Triple DESÂ (3DES) is the common name for the Triple Data Encryption Algorithm (TDEA)Â block cipher, which applies theÂ Data Encryption StandardÂ (DES) cipher algorithm three times to each data block. Because of the availability of increasing computational power, theÂ key sizeÂ of the original DES cipher was becoming subject to brute force attacks; Triple DES was designed to provide a relatively simple method of increasing the key size of DES to protect against such attacks, without designing a completely new block cipher algorithm.

Advanced Encryption StandardÂ (AES) is a symmetric-keyÂ encryption standard adopted by theÂ U.S. government. The standard comprises threeÂ block ciphers, AES-128, AES-192 and AES-256, adopted from a larger collection originally published asÂ Rijndael.Â Each of these ciphers has a 128-bit block size, withÂ key sizes of 128, 192 and 256 bits, respectively. The AES ciphers have been analyzed extensively and are now used worldwide, as was the case with its predecessor,Â theÂ Data Encryption Standard (DES).

BlowfishÂ is aÂ keyed,Â symmetricÂ block cipher, designed in 1993 byÂ Bruce SchneierÂ and included in a large number of cipher suites and encryption products. Blowfish provides a good encryption rate in software and no effectiveÂ cryptanalysisÂ of it has been found to date. However, theÂ Advanced Encryption StandardÂ now receives more attention.

InÂ cryptography,Â TwofishÂ is aÂ symmetric key block cipherÂ with aÂ block sizeÂ of 128Â bitsÂ and key sizesÂ up to 256 bits. It was one of the five finalists of theÂ Advanced Encryption Standard contest, but was not selected for standardisation. Twofish is related to the earlier block cipherÂ Blowfish.

Like otherÂ AESÂ submissions, Serpent has aÂ block sizeÂ of 128 bits and supports aÂ key sizeÂ of 128, 192 or 256 bits. TheÂ cipherÂ is a 32-roundÂ substitution-permutation network operating on a block of four 32-bitÂ words. Each round applies one of eight 4-bit to 4-bitÂ S-boxesÂ 32 times in parallel. Serpent was designed so that all operations can be executed inÂ parallel, using 32 1-bit slices. This maximizes parallelism, but also allows use of the extensive cryptanalysisÂ work performed onÂ DES.

InÂ cryptography,Â CAST-128Â (alternativelyÂ CAST5) is a block cipherÂ used in a number of products, notably as the defaultÂ cipherÂ in some versions ofÂ GPGÂ andÂ PGP. It has also been approved forÂ CanadianÂ government use by the Communications Security Establishment. The algorithm was created inÂ 1996Â byÂ Carlisle AdamsÂ andÂ Stafford TavaresÂ using theÂ CASTÂ design procedure; another member of the CAST family of ciphers,Â CAST-256Â (a former AESÂ candidate) was derived from CAST-128. According to some sources, the CAST name is based on theÂ initialsÂ of its inventors, thoughÂ Bruce SchneierÂ reports the authors' claim that "the name should conjure up images of randomness" (Schneier, 1996).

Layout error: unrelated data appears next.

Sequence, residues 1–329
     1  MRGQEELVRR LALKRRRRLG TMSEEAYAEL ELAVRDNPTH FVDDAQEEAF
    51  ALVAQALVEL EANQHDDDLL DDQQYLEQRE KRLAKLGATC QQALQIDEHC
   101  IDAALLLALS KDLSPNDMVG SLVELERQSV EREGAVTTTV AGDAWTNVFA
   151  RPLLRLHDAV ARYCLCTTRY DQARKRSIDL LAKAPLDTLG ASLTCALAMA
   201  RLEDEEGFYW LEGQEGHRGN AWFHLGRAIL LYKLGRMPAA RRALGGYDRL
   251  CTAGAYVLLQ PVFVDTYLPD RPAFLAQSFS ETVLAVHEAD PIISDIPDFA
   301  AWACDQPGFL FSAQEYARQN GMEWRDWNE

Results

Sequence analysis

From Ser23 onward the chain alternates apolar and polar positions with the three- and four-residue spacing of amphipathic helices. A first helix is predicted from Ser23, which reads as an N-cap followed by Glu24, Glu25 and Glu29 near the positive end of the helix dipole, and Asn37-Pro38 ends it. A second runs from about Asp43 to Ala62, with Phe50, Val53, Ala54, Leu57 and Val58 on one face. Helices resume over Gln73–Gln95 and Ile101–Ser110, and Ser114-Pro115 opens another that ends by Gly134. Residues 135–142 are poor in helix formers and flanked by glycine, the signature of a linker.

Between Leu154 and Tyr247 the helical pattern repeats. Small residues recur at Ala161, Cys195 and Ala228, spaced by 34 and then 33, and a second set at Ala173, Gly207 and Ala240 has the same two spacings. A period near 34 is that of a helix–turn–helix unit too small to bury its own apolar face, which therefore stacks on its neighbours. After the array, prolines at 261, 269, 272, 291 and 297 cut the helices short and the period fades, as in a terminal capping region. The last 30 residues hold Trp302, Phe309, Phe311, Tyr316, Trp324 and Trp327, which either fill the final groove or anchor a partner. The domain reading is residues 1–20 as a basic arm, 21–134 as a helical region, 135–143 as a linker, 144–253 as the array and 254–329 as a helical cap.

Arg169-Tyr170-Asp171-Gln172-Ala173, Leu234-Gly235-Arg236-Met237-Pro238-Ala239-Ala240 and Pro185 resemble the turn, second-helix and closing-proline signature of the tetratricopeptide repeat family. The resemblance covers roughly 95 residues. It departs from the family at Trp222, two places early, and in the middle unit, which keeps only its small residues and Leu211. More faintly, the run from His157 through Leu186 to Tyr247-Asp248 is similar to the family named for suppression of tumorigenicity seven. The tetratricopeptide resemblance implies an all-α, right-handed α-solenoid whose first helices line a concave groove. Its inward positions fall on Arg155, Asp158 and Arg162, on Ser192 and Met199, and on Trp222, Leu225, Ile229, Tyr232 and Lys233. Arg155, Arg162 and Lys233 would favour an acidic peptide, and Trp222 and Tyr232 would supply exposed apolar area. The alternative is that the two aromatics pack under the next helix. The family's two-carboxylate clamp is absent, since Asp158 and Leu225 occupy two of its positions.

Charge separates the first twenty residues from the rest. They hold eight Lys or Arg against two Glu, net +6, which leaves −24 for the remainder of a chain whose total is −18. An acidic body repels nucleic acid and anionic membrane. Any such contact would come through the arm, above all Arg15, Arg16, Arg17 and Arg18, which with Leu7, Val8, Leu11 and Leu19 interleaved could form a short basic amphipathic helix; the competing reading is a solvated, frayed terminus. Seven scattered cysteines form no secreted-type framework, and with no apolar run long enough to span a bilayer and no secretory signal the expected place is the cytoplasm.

InÂ cryptography,Â CAST-256Â (orÂ CAST6) is aÂ block cipher published in JuneÂ 1998. It was submitted as a candidate for theÂ Advanced Encryption StandardÂ (AES); however, it was not among the fiveÂ AES finalists. It is an extension of an earlier cipher,Â CAST-128; both were designed according to the "CAST" design methodology invented byÂ Carlisle Adams andÂ Stafford Tavares.Â Howard HeysÂ andÂ Michael Wiener also contributed to the design.

## Glossary

CBC - Cipher block chaining (CBC) is a common chaining mode in which the previous block's ciphertext is Xored with the current block's plaintext before encryption.

Block Cipher - It is a symmetric key cipher operating on fixed-length groups of bits, called blocks, with an unvarying transformation. A block cipher encryption algorithm might take (for example) a 128-bit block of plaintext as input, and output a corresponding 128-bit block of ciphertext.

Block device - Block special files or block devices correspond to devices through which the system moves data in the form of blocks. These device nodes often represent addressable devices such as hard disks, CD-ROM drives, or memory-regions.

Crypto API - It is a cryptography framework in the Linux kernel, for various parts of the kernel that deal with cryptography, such as IPSec and DM-crypt. It was introduced in kernel version 2.4.12 and has since expanded to include essentially all popular block ciphers and hash functions.

Cryptmount - It is a software tool for managing encrypted filesystems under the GNU/Linux family of operating systems. It uses the device mapper and DM-Crypt infrastructure to provide transparent encryption of filesystems stored in disk partitions or within ordinary files.

Cryptoloop - It is a disk encryption module for Linux which relies on the Crypto API in the 2.6 Linux kernel series.

Cryptsetup - It is used to conveniently setup DM-Crypt managed block devices under Linux.

Device mapper - A generic framework used to map one block device into another.

ESSIV - Encrypted Salt-Sector Initialization Vector (ESSIV) is a method for generating initialization vectors for block encryption to use in disk encryption.

LRW - A tweakable narrow-block encryption cipher (LRW) is an instantiation of the mode of operations introduced by Liskov, Rivest, and Wagner.

LUKS - Linux Unified Key Setup or LUKS is a disk-encryption specification created by Clemens Fruhwirth and originally intended for Linux.

Water-marking attack - It is an attack on disk encryption methods where the presence of a specially crafted piece of data (e.g., a decoy file) can be detected by an attacker without knowing the encryption key.

XOR - The logical operation exclusive disjunction, also called exclusive or (symbolized XOR, EOR, EXOR), is a type of logical disjunction on two operands that results in a value of true if exactly one of the operands has a value of true. A simple way to state this is "one or the other but not both."

XTS - It is XEX-based Tweaked CodeBook mode (TCB) with Ciphertext Stealing (CTS)